Finally, the story you make is recorded. It is drawn onto the Skin of the title. It is sketched and doodled as the history unfolds. This is done by the people who tell it, you, the Scribes. You do not need to be artistic; the story told can imbue the most crude images with substance, but if you are you can have a ball! In the end, the tale is preserved. Just like an ancient artefact it will be mysterious and opaque to those who were not “there” when the civil war occurred. Yet to those who made that Chronicle their story will quickly return when they look at the Skin. In all its compelling horror and tragedy.

If this description has whetted your appetite and I hope it has, you probably want to know a little about how Chronicles of Skin works in terms of play. This is not exhaustive. As I said in the introduction, the aim here is to convey the spirit of the game rather than break down the mechanics.

To begin with the Scribes construct the cultures who will be affected by the story. The game does this using a simple card draw. The drawn card shows an image. They are beautifully produced and very evocative of the game setting. Players take turns interpreting the images in whatever way they are inspired and adding this to the flag of one of the cultures. The interpretation of the image also gives an insight into that culture. This process defines an aspect, a rule and a belief of both the Croen and the Iho peoples. Finally there is a unifying, shared character that both Croen and Iho venerate or respect.

As a result of this collaboration, each time you play, the Croen and the Iho will be different. Moved by different beliefs, characterised by different aspects, following different rules. Always the Croen and Iho, but always unique Croens and Ihos. Clever, eh?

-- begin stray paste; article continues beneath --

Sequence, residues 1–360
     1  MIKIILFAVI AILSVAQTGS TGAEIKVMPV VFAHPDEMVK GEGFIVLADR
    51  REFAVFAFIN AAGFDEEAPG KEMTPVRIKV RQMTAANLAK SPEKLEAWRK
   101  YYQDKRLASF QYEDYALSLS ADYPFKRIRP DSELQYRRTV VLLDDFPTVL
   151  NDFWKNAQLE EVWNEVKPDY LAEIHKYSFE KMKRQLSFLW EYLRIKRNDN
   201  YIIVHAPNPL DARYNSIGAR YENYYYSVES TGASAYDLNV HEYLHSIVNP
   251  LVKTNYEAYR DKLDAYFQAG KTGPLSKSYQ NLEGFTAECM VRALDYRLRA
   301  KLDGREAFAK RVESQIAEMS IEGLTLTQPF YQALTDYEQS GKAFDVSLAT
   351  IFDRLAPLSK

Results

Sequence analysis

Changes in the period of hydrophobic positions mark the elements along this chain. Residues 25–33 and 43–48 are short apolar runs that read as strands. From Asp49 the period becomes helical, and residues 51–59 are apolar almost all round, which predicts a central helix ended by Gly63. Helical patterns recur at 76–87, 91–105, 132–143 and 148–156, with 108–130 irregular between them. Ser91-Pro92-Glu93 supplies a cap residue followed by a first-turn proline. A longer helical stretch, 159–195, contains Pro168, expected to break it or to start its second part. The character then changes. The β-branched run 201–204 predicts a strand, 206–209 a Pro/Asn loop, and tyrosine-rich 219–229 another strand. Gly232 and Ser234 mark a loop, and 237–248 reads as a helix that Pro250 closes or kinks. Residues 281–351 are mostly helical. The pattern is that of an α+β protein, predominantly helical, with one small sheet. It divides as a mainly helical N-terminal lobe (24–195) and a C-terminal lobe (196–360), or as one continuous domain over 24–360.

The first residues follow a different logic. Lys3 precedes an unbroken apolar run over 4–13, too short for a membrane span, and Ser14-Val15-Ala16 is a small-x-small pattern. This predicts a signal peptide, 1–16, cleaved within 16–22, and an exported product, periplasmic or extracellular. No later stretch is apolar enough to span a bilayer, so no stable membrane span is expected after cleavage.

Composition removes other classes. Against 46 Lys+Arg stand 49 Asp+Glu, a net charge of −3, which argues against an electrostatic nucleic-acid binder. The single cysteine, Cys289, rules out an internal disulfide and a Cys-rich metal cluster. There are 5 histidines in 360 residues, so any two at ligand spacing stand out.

Then locations are created and doodled onto the Skin. They are already named, like the tribes, but not defined. Each story the Scribes get to say what the location is. These places are where the key events of the tragic story we are telling happen.

Next we establish a portent of doom for the first of four acts, each called a Story in the game, by using a Glyph of War. Using the Glyph the Scribe outlines what is going to happen in this chapter of the history we are exploring. He or she suggest a tragedy that is about to befall this culture and start the civil war of the Chronicle. Then the game is open to all players to grab either the Puppet or the Event card.

What drives your use of these options is the Theme Card you are pursuing. Each player's is different each story, often contradictory. You could be aiming for Hearts, Swords or Crowns. Love and passion, violence and conflict, power and leadership to be the theme of the current round. Pulling the story your way will gain you more tokens both for future use and as a scoring mechanic in the game.

So, what of the Puppet and Event actions? The Puppet give you a chance to dictate the actions of another player's current character, the Event Card gives you control of anything else in the story world. Then you get to state a reaction from one of the other characters.

Both Puppet and Event reactions are carried out in a similar way. The acting player bids tokens. The target player counter bids, If they want to. Both draw cards to add a further one to three to their token count. If the acting player wins the target must carry out the requested action, or reaction to the Event. The targeted player gets narration rights and describes this outcome. As I said,when you lose in a way you win, as you get to build the story. A clever player might even use this as a set up for a play that they want to make next. Crafty, eh? If the target wins they can avoid the outcome desired by the active player.

Play continues with players taking turns in any order, when inspired to influence the story, until someone grabs the End Action Card. If nobody has a Puppet or Event to play then that finishes that story or part of the greater narrative. When you have done this four time then this Chronicle is complete. It takes two or three hours normally. The fallen Croen and Iho are counted, as are the players' tokens and a winner is declared. That person becomes the Great Scribe and, in a nice touch, gets to sign the Skin and draw the surviving tribe's icon onto the appropriate part of the artefact.

That's Chronicles of Skin. An epic, tragic, story-making game in which a civilisation is torn apart. Role-playing opportunities abound. If you came for the story then you will not have been disappointed but also, you could emerge as the Great Scribe - winner of the game.

Try it. Chronicles of Skin will be like nothing you have experienced before but I bet you, like me, will want to dive into the world of the Croen and Iho again, and again.